As a Mom, the scariest thing is to embrace my own fears about my children growing up - to really let myself feel the fear, pain, even regret of not having seen the Wolf coming. Accepting that while they are young I can  do what "feels" like sustaining their lives every day and still not see the Wolf coming. Realizing that sometimes I may see the Wolf coming and have to let my children encounter it on their own and knowing that even if they turn to me in times of fear there will be increasingly less and less I will be able to do.

We will have different scares, in different ways. If I practice living with and love through my fears, which I believe is the magic of fully, deeply living I may have the privilege to be there to hold the space where their fear lives without letting mine get in the way.

It comforts me to know, on this Halloween Eve, that my children may know the feeling of being loved that is both connected to fear and more powerful than it. 

How's that for existential Halloween fodder?

Just to let you know:
As he was leaving the Glowing, Bouncing Halloween Party that nearly made him pee his pants, he had a conversation with the manager (totally unprovoked by me- i swear.) In which he informed him that he had run into a wolf in the bouncy house. He reassured him that. "the wolf was really a boy, so thank goodness for that". He continued by questioning the manager, "did you see the wolf come in? " And then castigating him, " You should not let wolves come in here. Next time no masks in the bouncy houses!" (Unannounced to Babe-O, I had already had this conversation with the manager).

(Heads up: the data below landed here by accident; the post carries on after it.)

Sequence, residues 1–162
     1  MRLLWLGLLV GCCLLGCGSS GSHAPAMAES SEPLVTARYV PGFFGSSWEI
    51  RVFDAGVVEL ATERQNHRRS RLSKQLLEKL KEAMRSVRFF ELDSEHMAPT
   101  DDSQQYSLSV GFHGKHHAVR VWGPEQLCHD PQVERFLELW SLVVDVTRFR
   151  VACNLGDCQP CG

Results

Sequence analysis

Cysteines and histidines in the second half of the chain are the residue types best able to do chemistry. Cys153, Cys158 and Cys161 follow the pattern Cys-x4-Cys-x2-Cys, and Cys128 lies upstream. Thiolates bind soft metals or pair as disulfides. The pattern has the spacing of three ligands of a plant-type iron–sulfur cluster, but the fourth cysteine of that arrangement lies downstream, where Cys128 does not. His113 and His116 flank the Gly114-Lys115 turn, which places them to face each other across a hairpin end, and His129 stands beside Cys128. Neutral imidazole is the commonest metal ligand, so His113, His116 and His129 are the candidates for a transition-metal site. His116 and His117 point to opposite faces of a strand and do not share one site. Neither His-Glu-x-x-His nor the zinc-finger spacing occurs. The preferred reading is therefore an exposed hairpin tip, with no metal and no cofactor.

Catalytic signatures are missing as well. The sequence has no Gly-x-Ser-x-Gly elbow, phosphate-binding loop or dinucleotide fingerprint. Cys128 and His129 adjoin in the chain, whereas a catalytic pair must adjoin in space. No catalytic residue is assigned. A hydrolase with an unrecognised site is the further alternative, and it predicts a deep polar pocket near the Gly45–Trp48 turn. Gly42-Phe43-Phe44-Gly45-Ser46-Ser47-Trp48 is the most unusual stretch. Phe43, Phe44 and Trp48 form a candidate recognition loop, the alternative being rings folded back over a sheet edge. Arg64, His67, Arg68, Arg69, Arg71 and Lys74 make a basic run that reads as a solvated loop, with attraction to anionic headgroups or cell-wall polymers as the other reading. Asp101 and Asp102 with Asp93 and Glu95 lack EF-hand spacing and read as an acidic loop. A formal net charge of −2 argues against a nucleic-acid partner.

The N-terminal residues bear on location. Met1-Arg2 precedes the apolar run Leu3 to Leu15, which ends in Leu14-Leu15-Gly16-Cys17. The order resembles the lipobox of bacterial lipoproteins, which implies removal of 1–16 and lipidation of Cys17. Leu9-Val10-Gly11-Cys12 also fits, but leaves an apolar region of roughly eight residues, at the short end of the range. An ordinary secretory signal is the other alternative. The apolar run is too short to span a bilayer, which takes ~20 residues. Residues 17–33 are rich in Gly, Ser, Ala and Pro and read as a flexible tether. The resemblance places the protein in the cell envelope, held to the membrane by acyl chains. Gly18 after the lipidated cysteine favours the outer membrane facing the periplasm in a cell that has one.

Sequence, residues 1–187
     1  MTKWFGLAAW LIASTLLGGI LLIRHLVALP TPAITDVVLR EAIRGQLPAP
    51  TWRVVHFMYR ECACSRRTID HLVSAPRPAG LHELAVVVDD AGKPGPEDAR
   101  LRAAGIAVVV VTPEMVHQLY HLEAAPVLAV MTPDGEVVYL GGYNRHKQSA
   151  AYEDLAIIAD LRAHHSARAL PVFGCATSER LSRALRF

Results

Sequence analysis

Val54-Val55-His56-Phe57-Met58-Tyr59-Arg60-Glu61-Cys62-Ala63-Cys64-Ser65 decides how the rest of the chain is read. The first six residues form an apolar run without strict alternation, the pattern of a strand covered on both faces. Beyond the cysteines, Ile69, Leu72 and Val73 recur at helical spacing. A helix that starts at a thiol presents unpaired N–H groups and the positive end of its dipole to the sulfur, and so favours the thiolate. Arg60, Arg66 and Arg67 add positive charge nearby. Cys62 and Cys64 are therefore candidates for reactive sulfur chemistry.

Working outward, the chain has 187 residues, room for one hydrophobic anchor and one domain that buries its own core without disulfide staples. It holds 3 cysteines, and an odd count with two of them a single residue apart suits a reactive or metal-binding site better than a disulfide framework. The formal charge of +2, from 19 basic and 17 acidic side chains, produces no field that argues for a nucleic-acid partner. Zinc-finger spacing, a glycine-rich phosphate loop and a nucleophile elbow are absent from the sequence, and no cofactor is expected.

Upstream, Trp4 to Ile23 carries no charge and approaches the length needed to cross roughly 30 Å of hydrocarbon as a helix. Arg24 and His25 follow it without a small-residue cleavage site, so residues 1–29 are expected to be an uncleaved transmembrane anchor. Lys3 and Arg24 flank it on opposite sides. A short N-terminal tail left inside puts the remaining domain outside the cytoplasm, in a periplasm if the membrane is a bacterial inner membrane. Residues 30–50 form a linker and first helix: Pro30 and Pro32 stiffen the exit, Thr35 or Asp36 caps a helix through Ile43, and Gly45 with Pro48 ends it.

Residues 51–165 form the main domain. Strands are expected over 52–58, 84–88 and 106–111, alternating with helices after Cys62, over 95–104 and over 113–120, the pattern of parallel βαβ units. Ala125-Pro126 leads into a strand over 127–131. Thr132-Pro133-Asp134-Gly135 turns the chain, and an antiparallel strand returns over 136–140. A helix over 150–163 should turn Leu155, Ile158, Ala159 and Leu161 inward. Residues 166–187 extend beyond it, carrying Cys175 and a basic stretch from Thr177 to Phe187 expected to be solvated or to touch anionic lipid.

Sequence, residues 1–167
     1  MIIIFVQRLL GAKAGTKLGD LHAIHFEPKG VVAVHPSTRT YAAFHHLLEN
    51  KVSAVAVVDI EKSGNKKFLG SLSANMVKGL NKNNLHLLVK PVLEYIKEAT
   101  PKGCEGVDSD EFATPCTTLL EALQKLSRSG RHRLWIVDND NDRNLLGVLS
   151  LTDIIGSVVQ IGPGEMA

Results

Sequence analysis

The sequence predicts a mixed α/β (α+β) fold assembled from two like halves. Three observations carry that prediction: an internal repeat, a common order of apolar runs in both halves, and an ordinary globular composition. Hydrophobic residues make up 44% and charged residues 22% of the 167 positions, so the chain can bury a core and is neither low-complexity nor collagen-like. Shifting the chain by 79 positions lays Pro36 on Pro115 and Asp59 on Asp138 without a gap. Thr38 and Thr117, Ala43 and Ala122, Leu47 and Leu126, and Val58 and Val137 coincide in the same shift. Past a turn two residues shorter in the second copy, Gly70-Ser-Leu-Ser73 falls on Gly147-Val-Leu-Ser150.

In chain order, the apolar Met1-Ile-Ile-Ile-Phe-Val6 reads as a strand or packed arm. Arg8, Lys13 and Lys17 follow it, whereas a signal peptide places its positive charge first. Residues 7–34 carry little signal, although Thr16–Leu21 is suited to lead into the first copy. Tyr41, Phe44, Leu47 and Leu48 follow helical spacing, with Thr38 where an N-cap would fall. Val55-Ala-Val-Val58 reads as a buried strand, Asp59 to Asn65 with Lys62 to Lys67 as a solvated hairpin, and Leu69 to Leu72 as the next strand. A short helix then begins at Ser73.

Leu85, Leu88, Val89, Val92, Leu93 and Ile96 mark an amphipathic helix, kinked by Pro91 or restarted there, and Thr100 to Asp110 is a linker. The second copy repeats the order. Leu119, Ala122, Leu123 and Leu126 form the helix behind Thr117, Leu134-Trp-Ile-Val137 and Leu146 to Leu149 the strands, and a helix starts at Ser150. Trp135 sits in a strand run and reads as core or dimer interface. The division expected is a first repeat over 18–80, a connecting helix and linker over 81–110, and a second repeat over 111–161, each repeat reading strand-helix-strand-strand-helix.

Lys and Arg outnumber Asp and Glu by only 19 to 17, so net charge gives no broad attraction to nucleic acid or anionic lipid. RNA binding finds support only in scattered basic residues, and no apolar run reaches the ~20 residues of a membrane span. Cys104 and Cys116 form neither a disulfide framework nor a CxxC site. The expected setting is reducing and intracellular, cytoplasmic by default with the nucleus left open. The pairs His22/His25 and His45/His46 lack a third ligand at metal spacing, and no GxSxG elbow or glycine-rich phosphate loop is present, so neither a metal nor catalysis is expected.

Deep breath. He'll be okay this time.





Wednesday, October 29, 2014

The Pigeon Gets A Pumpkin!


The Pigeon is Babe-O's very favorite literary character!
He just loves him (and the duckling)!
He loves all the books (by Mo Willems) and knows them all by heart.
And since Batman has come into action, we have taken a short break from pigeon only bringing him back to fight crime with Batman once in a while.

Recently, we were surprised to find this book on the "New Books" shelf at the library.



Needless to say, Pigeon has made a come back!
Babe-O plays Pigeon and Duckling stories out in his sleep.
We role play Pigeon and Duckling (I usually get to be Duckling) almost everyday and we do Pigeon and Duckling puppet shows.
I am sure this may seem familiar to many of you, since Pigeon and Duckling are pretty popular.
(And if you don't know Pigeon and Duckling, I recommend them no matter your age. Very funny stuff and a lot of room for ad lib!)

Naturally, our pumpkins have turned into Pigeon and Duckling.


Here they are sharing a hot dog on the front porch.
Babe-ala brings the mustard to the party!



I will admit that this project stressed me out a little bit.
The excitement leading up to the final project was very frenetic and it was hard for little hands to resist pigeon and duckling while they were still wet.

We used acrylic paints like these.  Babe-O and Babe-ala both helped paint the pumpkins. Our paints clearly said non-toxic on the label. Although, I worry with acrylic paint (hence the heightened stress about the painty mess).While they dried, we took a long bath break.

The beak is made from foam sheets. I cut two triangles for the top and two for the bottom beak and hot-glued them in 3-D fashion, as well as to the pumpkin itself.
I painted the eyes on and Babe-O helped put the large googly eyes on Pigeon.

When they were dry (or still a little wet), we got a hot dog and mustard bottle from our play kitchen and had a hot dog party on the front porch!